WASHINGTON — While local commuters are less burdened by congestion during the warmer months, traffic is actually heavier during the late spring and summer.
“Traffic is certainly down in July and August during the peak hours, [but] overall volumes are equal to, if not higher, in July and August versus April or November,” said David Buck, a spokesman with the Maryland State Highway Administration.
Data provided by the Maryland State Highway Administration and the Virginia Department of Transportation show that interstate volume peaks between May and September.
“That doesn’t mean rush hours are busier on I-270 in the summer months,” Buck said. “Rather people are traveling more during non-peak hours in the summer months, which increases the overall annual average daily traffic.”
In other words, more people are traveling outside the rush hour window, especially during weekends and midday hours. That helps explain why volume delays form on some routes such as I-95 and I-270 seven days a week for a few months during the summer.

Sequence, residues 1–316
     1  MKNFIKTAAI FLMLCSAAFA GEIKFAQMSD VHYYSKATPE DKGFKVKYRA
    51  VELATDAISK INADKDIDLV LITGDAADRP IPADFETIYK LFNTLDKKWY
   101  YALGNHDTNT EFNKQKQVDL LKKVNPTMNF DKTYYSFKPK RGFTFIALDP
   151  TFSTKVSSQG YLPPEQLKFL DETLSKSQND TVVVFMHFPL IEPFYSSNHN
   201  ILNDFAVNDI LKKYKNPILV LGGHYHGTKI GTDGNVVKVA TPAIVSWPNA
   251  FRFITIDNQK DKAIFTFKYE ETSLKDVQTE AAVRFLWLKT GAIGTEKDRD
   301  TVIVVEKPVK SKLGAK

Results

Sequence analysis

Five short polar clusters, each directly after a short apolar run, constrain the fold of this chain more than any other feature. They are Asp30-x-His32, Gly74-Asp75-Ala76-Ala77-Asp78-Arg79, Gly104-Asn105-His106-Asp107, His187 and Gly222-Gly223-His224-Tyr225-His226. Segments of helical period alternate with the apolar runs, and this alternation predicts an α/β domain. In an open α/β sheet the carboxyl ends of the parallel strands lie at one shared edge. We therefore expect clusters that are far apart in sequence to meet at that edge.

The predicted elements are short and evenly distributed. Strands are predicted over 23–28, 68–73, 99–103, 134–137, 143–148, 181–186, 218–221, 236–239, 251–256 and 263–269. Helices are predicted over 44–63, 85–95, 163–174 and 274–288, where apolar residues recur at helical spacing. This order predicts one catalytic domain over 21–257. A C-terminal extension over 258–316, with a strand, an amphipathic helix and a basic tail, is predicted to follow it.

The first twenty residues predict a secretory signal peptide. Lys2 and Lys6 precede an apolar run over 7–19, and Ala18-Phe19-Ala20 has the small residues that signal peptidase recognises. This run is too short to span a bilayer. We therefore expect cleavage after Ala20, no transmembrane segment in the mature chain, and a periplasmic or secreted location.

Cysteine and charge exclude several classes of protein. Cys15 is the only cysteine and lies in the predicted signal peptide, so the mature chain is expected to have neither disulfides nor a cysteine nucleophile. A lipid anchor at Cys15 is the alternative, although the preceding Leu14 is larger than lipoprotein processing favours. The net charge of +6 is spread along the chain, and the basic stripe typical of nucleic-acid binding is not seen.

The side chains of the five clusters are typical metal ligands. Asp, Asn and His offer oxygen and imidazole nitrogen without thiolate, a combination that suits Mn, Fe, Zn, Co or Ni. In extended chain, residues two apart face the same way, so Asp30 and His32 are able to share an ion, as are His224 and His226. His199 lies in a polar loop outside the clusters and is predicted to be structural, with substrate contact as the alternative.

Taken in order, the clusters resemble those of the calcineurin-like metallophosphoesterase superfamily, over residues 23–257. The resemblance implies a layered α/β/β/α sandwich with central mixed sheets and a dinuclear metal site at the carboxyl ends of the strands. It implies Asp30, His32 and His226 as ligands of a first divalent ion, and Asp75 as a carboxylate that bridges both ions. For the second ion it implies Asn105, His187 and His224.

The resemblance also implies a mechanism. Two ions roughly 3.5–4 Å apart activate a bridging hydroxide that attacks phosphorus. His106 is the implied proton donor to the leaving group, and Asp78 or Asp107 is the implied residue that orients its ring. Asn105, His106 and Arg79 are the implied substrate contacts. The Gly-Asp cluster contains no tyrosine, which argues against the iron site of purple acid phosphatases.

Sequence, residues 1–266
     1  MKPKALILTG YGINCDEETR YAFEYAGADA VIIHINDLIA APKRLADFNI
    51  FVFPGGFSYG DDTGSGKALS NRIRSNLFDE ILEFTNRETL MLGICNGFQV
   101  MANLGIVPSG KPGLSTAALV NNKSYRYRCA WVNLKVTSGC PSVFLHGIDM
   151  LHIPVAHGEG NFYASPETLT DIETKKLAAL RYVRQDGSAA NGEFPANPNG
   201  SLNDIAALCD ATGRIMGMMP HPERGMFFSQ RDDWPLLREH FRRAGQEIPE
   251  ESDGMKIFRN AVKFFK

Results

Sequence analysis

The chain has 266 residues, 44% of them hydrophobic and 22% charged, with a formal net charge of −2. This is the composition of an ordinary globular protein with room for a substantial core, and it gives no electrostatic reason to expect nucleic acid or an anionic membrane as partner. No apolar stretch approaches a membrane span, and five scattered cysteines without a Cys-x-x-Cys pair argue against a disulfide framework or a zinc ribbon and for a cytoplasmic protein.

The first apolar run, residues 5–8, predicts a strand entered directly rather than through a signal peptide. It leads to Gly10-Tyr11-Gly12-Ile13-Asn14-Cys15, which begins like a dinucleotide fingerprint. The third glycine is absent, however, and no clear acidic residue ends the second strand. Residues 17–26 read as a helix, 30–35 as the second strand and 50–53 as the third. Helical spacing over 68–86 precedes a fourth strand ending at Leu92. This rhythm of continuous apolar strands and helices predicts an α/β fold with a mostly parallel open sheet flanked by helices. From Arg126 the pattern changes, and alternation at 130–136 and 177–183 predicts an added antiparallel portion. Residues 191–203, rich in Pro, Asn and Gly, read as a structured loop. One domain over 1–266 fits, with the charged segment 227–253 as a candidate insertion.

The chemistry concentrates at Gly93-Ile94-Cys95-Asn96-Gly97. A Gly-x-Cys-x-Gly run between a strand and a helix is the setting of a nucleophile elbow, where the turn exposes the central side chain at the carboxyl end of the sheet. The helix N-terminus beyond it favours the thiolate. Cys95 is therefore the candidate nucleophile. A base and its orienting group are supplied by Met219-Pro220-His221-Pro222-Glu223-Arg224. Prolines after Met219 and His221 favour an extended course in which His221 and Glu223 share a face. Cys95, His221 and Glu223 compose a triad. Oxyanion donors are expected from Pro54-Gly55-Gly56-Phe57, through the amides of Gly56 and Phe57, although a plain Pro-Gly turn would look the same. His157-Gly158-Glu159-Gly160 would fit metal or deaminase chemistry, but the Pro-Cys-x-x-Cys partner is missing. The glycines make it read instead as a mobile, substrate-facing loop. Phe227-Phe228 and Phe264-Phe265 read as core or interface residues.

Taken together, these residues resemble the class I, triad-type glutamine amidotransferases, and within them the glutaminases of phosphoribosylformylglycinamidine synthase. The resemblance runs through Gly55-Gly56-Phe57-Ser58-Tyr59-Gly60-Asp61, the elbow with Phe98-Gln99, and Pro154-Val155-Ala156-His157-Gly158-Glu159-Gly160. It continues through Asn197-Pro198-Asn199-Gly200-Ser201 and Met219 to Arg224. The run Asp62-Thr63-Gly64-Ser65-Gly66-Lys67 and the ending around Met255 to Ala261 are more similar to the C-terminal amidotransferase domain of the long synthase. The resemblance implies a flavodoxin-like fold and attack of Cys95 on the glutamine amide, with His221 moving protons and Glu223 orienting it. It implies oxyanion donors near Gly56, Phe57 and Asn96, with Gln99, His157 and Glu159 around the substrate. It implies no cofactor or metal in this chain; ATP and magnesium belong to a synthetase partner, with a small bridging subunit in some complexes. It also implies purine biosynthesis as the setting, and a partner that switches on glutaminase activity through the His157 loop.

According to the data, July, August and September are the busiest months on the Capital Beltway in Prince George’s County, with roughly 215,000 drivers passing through Greenbelt every day.
On the other hand, January sees the lowest traffic counts with only about 188,000 daily drivers on the same stretch of the Beltway.
A similar peak in traffic volume has been seen on the southern portions of the Beltway in Virginia.
On I-495 in McLean, traffic volumes increase earlier in the spring. In 2014, May was the busiest month with 101,819 trips logged on the inner loop between the Georgetown Pike and George Washington Parkway alone.
December, often regarded as a hectic month on the roads, saw a 14 percent reduction in volume on that same stretch.
Researchers at Texas A&M’s Transportation Institute and INRIX recently concluded that Washington drivers lose more time due to traffic delays when compared with drivers in all other U.S. cities.